Everyday Ingenuity

By — on / Daily, Negotiation Skills

Adapted from the Negotiation newsletter.

Negotiation expert Roger Fisher sagely counsels, “Solutions are not the answer.” Instead of tossing demands back and forth on their way to an outcome, negotiators should focus on the process of exploring their underlying needs and interests. Get the process right, and practical solutions often follow.

But process still depends on the creativity of those at the bargaining table. If negotiators are mired in old mindsets, good process skills may not bail them out. In their book Why Not? How to Use Everyday Ingenuity to Solve Problems Big and Small (Harvard Business School Press, 2003), economist Barry Nalebuff and legal scholar Ian Ayres suggest four mental habits to spark creativity:

1. Forget about resource constraints (at least for the moment). Imagining how you’d solve the problem if there were no limits on time and money can open up new options. Do you need to accomplish all of your goals right away, for example? Maybe you can set some issues aside temporarily and reframe possibilities for agreement.

2. Identify externalities. Will your negotiation have an impact, positive or negative, on other stakeholders? If so, they may have added resources to bring to the bargaining table. Consider extending an invitation.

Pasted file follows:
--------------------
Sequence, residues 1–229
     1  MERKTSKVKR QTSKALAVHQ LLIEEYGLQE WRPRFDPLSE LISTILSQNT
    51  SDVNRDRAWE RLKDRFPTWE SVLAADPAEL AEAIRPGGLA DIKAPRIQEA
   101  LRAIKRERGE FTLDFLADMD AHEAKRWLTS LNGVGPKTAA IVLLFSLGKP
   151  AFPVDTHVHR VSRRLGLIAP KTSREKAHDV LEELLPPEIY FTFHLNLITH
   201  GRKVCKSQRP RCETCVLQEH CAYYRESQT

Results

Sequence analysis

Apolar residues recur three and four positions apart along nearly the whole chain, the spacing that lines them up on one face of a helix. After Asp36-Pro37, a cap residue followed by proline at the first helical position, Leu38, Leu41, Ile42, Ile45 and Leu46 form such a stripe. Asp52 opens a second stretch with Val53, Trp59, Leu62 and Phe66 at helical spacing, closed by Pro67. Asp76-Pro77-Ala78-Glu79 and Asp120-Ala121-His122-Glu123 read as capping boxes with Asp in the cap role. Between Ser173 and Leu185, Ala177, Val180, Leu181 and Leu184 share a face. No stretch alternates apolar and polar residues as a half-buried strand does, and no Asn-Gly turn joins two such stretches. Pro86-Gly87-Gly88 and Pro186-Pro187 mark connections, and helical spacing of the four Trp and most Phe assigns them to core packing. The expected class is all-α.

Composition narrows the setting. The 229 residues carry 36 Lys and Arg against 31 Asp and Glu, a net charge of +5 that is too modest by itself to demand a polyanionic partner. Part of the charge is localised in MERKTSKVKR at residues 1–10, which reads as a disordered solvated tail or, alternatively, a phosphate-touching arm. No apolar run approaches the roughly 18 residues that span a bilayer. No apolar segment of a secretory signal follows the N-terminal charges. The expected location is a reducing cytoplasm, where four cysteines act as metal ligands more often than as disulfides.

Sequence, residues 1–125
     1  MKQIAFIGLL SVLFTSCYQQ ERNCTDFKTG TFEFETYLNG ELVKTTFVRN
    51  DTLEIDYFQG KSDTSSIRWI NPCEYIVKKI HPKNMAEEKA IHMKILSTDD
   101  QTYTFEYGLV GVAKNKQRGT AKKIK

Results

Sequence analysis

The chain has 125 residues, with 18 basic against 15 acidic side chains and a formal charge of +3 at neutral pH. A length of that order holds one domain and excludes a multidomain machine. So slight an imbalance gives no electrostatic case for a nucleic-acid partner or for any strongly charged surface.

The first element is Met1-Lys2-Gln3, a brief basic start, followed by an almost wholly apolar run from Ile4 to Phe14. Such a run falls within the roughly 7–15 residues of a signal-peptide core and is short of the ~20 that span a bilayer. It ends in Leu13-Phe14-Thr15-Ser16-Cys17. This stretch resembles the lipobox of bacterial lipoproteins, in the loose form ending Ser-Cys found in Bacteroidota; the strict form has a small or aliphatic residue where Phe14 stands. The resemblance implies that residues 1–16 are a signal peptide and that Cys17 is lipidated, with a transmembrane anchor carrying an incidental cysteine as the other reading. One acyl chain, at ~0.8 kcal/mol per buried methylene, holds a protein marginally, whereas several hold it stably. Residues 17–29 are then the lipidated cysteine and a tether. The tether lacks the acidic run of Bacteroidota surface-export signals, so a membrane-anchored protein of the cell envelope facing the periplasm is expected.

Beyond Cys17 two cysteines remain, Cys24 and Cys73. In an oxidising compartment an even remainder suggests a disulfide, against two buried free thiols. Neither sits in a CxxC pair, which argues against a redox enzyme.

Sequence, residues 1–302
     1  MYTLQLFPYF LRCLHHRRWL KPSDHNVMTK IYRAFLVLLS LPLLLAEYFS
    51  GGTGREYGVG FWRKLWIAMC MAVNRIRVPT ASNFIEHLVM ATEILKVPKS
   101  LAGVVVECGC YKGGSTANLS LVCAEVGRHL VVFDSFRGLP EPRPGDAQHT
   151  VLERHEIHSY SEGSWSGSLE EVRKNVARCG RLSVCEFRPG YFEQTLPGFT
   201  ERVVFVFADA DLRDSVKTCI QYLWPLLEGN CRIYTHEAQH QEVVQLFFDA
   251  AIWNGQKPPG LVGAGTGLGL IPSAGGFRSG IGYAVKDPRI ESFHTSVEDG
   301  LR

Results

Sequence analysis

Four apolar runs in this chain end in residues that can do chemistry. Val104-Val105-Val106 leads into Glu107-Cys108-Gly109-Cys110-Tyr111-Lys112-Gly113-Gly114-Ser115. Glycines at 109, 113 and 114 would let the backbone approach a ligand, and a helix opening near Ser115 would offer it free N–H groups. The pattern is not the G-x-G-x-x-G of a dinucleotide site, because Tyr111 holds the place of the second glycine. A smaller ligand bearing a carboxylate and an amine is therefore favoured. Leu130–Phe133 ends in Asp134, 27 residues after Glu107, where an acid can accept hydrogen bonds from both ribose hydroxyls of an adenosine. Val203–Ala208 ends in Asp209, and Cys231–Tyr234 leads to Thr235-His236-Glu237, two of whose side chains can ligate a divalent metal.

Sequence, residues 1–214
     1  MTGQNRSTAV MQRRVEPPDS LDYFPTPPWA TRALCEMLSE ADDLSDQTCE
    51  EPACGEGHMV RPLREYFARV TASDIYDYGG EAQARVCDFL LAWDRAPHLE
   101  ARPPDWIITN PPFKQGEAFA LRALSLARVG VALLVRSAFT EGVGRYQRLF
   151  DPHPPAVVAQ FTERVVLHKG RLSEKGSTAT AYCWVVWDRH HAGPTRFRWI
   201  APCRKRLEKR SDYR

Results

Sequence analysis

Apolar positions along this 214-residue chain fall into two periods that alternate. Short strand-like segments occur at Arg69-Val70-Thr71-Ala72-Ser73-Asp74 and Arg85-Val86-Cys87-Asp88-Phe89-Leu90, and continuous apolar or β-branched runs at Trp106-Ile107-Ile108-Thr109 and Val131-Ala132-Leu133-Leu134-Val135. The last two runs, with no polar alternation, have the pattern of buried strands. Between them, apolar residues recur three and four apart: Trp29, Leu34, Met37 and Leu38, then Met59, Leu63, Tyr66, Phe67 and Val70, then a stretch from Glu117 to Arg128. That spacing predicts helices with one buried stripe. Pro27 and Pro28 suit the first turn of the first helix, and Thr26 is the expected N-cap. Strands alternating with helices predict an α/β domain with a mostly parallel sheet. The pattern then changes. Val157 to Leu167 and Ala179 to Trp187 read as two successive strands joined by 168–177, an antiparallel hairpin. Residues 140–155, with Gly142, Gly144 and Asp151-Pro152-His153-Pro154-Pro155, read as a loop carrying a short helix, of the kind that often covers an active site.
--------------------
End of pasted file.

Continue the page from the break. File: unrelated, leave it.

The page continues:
3. Ransack other people’s experience. Your counterpart may be skeptical about whether you can deliver all that you are promising. Studying others’ successful negotiations may lead to a breakthrough. You might borrow a page from sports contracts, for example, and build in some performance incentives.

4. Flip things upside down. An obstacle to one agreement can be the heart of another. A service company owner, seeking to expand his business, tried to buy out a competitor, but the price proved to be far too high. Instead of giving up on the deal, he flipped it by selling his own company for a handsome return that allowed him to expand into other areas. While urging us to be free of false constraints, Nalebuff and Ayres also stress the complementary value of thinking inside the box—focusing on a manageable and feasible set of solutions.

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